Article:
The relationship between cortical bone involution and fracture occurrence in an affluent aging American white population.
AuthorHarrington, Richard James.
AdvisorStini, William A.
MetadataShow full item record
PublisherThe University of Arizona.
RightsCopyright © is held by the author. Digital access to this material is made possible by the University Libraries, University of Arizona. Further transmission, reproduction or presentation (such as public display or performance) of protected items is prohibited except with permission of the author.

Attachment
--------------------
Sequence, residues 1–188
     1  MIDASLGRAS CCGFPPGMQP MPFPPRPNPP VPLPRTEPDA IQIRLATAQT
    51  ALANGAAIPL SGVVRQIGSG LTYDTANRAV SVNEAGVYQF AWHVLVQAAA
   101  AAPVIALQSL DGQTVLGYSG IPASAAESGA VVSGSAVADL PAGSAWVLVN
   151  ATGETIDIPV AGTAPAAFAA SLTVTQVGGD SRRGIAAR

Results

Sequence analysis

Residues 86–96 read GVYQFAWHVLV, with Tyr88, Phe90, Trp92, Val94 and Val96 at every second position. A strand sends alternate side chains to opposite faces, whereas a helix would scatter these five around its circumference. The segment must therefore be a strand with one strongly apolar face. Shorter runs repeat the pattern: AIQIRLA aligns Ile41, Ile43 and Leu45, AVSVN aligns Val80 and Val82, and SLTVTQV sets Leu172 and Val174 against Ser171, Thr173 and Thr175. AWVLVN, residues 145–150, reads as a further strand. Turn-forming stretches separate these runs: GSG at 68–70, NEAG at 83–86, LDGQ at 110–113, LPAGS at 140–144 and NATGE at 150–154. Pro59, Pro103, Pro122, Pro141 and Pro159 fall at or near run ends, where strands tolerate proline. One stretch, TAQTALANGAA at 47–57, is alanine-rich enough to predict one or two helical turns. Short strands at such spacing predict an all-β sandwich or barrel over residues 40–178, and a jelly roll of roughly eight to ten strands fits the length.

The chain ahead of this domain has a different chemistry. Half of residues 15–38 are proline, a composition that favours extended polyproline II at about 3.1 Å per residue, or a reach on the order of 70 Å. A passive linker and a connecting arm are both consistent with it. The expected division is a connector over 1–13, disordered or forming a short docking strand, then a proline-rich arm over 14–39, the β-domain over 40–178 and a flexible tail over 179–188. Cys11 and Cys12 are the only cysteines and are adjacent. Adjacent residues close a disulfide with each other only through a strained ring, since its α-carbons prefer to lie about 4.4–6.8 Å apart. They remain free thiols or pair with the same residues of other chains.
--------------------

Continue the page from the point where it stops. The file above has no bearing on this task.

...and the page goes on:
AbstractA study of peripheral cortical bone mineral status, as measured by single-photon absorptiometry, was initiated in Sun City, Arizona, in 1982. Affluent, active white women over age 50 and men over age 60 participated in up to eight annual sessions involving the measurement of the left mid-distal radius and the collection of questionnaire data. The data were retrospectively analyzed with a focus on the relationship between the bone mineral variables (BMVs: mass, areal density, density, width, and second moment of area) and postmature (after age 50) fracture history. Fractures were classified as either retrospective (incurred prior to baseline session) or prospective (incurred during the interval between baseline and final sessions). A distinction was made between hip fractures, which are often debilitating, and non-hip fractures, which, in the case of this sample, were sufficiently "benign" to allow resumption of more or less normal physical activities. The following results were obtained: (1) Women with low baseline bone mass incurred about three times as many retrospective benign fractures as the women with high baseline bone mass. (2) Women with retrospective benign fractures were about three times as likely as nonfracture women to sustain prospective benign fractures; consideration of BMV status did not improve predictive power. (3) Rate of interval bone loss is no different between the prospective fracture women and their nonfracture counterparts; the fracture group, however, shows no evidence of new bone formation via periosteal apposition (as inferred from bone width changes), whereas the nonfracture group is characterized by modest width increases. (4) The men have more massive bones and fewer fractures than the women, with no significant correlations between BMVs and fracture status. These results reaffirm that BMVs, particularly mass, are highly correlated with postmature fracture status in women, but the BMVs are better in "predicting" past fracture than in predicting future first fracture. This would be expected if systemic postfracture remodeling processes either promote resorption or inhibit new bone formation, with the latter response strongly implicated in this study.